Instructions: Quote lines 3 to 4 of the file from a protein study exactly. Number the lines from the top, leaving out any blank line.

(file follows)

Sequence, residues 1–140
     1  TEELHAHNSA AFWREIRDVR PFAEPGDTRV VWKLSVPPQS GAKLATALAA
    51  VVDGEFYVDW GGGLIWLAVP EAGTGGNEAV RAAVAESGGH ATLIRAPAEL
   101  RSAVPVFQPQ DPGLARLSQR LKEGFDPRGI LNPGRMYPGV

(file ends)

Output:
    51  VVDGEFYVDW GGGLIWLAVP EAGTGGNEAV RAAVAESGGH ATLIRAPAEL
   101  RSAVPVFQPQ DPGLARLSQR LKEGFDPRGI LNPGRMYPGV